Does your free credit card car hire excess Insurance really covers you?

Most rental companies in Europe will provide will insure your rental vehicle and will state that the price of the rental include CDW/LDW/TPI coverage. What they don’t say when you order the car is that in the event of an accident we will need to pay a certain amount which is called “excess”. However, when you pick up the car, they staff at the desk will advise you that it is recommended to purchase excess waiver insurance in order to protect you from this cost. This additional charge will typically add $15-$25 per day to your rental bill.


Many people waive this offer because they tend to think that the free insurance that is offered by their credit card will cover them.


Many credit cards offer valuable advantages like money back and reward points. Some even offer free travel insurance and a few offer auto rental insurance, which will cover you as long as you utilize that particular card to pay for the rental. If you have one of these cards, you need to realize that its rental insurance doesn’t cover as much as you may think.


Most credit cards provide secondary rental car insurance, not primary insurance. This implies it will pay just for additional expenses and costs that your primary insurance does not. If you have to file a case, you will still need to experience your primary insurer.


What is covered?

  • Collision coverage alone—most credit card insurance approaches will just cover collision, not a liability.
  • Coverage of just a few vehicles—certain kinds of vehicles, for example, trucks, vans, and exotic cars may not be covered under the policy, and car sharing services are usually not covered either.
  • Coverage of just a few nations—your credit card insurance may not cover your vehicles in certain typical traveler destinations, including Australia, Italy, New Zealand, Ireland, Israel, and Jamaica.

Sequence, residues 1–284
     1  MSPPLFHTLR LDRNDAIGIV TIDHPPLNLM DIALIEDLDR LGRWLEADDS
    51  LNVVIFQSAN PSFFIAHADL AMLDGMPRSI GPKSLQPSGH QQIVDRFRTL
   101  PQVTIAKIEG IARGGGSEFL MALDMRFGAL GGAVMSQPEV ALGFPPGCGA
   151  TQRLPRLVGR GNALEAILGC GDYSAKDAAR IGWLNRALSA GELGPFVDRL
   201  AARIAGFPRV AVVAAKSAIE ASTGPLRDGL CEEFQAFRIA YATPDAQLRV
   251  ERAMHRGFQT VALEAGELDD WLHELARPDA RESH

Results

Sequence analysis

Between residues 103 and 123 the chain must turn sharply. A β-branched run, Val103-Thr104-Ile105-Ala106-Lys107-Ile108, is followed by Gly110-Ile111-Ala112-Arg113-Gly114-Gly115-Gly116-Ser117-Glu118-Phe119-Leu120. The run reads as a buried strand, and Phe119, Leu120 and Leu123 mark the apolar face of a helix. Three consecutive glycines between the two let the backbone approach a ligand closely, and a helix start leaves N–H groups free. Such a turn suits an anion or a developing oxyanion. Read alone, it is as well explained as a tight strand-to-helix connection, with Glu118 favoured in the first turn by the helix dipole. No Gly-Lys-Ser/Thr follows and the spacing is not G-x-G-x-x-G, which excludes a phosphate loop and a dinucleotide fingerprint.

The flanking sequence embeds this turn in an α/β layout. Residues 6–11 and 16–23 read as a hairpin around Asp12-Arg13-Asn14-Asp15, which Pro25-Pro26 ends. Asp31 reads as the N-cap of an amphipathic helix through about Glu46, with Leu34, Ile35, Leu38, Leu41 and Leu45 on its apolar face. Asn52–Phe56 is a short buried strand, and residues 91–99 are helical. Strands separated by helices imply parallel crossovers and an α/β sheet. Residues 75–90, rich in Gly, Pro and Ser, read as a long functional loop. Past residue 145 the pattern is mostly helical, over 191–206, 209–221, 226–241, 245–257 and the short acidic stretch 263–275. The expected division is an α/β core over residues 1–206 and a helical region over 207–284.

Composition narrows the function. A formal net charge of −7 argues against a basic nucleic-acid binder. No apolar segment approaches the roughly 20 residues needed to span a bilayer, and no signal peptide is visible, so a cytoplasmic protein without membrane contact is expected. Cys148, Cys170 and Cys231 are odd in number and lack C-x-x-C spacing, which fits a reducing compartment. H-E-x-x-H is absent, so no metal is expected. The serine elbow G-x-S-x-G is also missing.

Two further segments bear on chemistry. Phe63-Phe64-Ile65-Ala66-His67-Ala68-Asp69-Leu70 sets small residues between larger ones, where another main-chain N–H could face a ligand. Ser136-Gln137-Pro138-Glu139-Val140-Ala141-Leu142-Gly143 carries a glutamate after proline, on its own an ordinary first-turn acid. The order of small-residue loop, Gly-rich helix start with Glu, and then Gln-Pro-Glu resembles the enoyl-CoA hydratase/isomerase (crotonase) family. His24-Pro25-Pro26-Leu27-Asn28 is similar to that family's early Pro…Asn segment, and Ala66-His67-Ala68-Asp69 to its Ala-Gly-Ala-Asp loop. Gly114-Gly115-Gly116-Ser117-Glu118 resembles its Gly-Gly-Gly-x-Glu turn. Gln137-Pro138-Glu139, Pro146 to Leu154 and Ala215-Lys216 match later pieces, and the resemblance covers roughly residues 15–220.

• “Diminution of Value” not covered—there are typically a few special cases to what your insurance policy will cover, including roadside help. In case you’re in an accident, and the rental car company charges you a “diminution of value” fee, your credit card insurance may not cover it.


Some of the limitations are:

  • Typically, just physical harm to the rental vehicle because of a crash or burglary is covered. However, wounds to you or others are not. Your car insurance policy would cover those; if you don’t have one, you should take the rental company’s additional individual injury coverage. You can likewise purchase a car hire excess liability policy from numerous independent agencies.
  • Loss of personal things is commonly excluded.
  • Most credit cards exclude injury, property damage and damage to other vehicles.
  • While it may appear glaringly evident, the card you use to pay must be utilized for the entire rental and the bill should be for the sake of the cardholder.


Does it actually protect you?

As you can see, there are many loopholes and fine print which make gaps in coverage. This is the reason it’s so essential to check with your rental car credit card insurance policy to decide the exact coverage you have.

Carefully read your credit card’s terms and conditions to discover what it does and does not cover. Ensure that it meets your needs before you depend on it.

I would be skeptical of these insurance coverage policies that credit card offers. If you do, simply make yourself mindful of the considerable number of exclusions. Unfortunately, rental companies charge anywhere from $15 to $25 (in addition to tax!) for every day of excess waiver liability insurance coverage if you get it from them — and they’ll most likely attempt to sell it to you as the better option.

Our recommendation is to seek for an independent car hire excess insurance provider where rates drop down as low as $3.5 per day or $60-$70 for an annual policy.


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